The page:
After the split, we went through Virginia Highlands and I was feeling a bit beat. I didn’t know when mile 7 was coming up, but I estimated I was about 6 minutes behind in pace, 2:30 was just not gonna happen. My sock was rubbing and that didn’t feel good, my jacket was wet and kept hitting me and that didn’t feel good, my shorts were riding up in the crotch and had too much room before the inseam started when I pulled them down, causing chafing, and that didn’t feel good, and my watch + math said that I was really behind on pace and I felt like mile 6 was a really long mile. Bleh.
Finally, I saw a mile marker ahead. I blinked the rain and pity party out of my eyes and couldn’t believe the number. Really, that’s an 8? Mile 8! I’m not behind, I don’t need to run 2 really awesome 5ks in an hour, I need to run 5.1 miles in an hourish! 2:30 was back on! I refocused, did some math and kept going with a figurative spring in my step.
As the half marathon and full joined together briefly before splitting again in Piedmont park, I looked for marathon runners, as this was the point that they had passed me last year. Near the split, the police escort passed me. I saw the marathon runner in the distance after the split, and knew that I was definitely beating my time from last year compared to this year’s marathoners. Yes! Mile 10 was upon me faster than I anticipated and TCB was at the College of Management, cheering, and I handed him my jacket. Since I’d finished my food and the weather was holding off, I didn’t need the large, empty pocket for the last 2.5 miles.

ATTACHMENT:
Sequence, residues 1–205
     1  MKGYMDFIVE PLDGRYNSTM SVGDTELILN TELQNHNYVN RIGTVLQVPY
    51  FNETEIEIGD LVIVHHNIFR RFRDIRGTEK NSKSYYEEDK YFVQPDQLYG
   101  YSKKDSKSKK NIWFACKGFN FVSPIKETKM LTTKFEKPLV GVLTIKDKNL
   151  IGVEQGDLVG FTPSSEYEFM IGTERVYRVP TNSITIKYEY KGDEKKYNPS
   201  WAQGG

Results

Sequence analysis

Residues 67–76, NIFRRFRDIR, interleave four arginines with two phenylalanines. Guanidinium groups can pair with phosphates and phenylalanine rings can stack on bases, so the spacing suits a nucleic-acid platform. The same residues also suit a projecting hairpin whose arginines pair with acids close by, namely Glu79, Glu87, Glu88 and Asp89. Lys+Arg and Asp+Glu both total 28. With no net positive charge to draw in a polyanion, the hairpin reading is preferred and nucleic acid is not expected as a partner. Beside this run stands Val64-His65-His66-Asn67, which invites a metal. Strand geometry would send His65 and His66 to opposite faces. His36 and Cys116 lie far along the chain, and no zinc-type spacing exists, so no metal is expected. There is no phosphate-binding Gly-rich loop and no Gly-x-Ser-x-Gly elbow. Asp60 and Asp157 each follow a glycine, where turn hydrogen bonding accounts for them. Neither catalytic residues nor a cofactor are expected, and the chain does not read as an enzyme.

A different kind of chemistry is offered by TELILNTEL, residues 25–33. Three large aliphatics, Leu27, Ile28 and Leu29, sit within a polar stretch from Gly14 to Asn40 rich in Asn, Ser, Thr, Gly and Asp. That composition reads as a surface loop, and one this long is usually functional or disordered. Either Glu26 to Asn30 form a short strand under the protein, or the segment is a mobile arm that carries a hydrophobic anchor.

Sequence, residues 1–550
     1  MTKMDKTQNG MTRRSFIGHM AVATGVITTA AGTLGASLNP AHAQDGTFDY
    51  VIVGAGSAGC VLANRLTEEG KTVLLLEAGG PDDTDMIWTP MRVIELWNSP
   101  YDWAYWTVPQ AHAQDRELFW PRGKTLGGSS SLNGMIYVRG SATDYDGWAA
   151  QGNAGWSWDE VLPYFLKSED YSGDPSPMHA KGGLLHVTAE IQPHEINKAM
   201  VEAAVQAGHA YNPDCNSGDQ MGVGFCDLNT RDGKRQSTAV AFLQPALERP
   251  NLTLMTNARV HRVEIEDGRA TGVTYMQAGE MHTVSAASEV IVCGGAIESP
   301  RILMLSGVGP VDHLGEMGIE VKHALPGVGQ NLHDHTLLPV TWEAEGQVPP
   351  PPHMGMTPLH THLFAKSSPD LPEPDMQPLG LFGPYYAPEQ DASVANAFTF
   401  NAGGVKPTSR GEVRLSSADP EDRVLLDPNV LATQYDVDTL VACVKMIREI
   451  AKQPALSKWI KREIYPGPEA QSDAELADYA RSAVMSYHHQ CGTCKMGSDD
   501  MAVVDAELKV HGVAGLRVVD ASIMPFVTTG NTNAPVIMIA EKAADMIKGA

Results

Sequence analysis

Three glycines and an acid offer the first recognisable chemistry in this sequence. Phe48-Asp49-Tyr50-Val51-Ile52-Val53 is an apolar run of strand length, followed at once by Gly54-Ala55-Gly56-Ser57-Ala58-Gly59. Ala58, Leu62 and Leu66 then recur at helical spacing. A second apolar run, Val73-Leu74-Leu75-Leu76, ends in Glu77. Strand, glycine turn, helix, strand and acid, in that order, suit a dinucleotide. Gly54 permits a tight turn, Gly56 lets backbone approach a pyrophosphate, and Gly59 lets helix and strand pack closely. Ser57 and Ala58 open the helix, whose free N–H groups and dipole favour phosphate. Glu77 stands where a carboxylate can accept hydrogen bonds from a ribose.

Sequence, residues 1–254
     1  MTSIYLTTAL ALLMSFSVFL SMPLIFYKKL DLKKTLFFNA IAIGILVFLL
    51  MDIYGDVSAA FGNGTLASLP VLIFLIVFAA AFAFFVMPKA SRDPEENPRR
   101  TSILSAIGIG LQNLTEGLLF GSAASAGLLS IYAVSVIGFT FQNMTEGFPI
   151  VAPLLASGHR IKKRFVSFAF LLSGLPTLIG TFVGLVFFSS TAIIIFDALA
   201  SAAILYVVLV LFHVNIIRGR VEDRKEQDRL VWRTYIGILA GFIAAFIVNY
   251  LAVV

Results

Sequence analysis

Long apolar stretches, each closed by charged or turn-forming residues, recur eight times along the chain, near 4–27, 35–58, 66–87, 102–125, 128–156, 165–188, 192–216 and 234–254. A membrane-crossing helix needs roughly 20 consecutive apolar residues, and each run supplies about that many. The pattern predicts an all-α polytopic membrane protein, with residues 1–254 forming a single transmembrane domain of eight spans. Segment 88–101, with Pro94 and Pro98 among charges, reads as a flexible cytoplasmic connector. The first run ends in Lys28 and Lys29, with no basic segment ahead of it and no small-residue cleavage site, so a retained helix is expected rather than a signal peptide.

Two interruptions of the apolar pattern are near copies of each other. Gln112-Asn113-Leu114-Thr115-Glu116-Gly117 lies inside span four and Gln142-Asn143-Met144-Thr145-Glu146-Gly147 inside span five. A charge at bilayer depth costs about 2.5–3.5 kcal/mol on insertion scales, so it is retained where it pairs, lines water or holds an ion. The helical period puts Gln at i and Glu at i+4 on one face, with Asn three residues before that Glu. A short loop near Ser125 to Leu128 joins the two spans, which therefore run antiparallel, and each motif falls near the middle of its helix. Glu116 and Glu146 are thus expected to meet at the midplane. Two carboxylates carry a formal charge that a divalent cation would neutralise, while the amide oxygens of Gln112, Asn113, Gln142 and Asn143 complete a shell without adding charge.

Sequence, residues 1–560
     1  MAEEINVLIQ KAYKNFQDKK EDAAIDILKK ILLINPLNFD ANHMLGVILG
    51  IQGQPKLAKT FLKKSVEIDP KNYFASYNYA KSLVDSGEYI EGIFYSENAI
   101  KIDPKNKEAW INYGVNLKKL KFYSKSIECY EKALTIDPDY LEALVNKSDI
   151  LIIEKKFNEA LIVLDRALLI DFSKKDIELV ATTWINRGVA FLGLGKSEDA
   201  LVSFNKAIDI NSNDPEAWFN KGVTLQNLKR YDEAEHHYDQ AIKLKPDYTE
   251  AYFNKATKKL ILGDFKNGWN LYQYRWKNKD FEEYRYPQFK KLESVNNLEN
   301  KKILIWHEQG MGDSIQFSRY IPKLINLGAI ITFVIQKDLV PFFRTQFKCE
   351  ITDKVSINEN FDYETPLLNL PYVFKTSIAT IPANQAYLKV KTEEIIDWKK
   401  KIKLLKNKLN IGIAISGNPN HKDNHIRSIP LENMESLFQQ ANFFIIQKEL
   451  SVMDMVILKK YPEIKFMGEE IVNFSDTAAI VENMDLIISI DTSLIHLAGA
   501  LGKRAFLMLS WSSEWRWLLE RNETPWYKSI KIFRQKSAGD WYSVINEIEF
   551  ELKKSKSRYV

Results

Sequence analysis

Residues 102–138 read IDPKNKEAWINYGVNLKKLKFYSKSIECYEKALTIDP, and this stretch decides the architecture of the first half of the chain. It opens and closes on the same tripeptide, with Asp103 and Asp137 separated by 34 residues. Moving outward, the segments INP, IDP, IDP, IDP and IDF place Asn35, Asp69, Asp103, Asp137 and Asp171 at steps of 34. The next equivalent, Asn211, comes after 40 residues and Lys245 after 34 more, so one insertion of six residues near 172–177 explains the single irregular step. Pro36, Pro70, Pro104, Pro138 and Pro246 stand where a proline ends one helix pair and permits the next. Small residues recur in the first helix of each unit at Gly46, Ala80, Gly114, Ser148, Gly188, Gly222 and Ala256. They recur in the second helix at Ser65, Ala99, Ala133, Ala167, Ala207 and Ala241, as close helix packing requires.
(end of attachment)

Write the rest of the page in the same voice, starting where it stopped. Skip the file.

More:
I was pretty much on track as I headed into GA Tech campus. But I’d forgotten about the hills. Oh, the hills! As I neared the Tech water station, I saw the holding-hands runners and worked to pass them. (I’d seen and passed them just before this point of the race the year before.) I had lost a bit of time in mile 12 through campus, and with 10 minutes left to do 1.1 miles, I wasn’t hopeful of 2:30, but I thought I’d get close. Rounding the corner onto Marietta, I thought about walking for two steps, but kept going.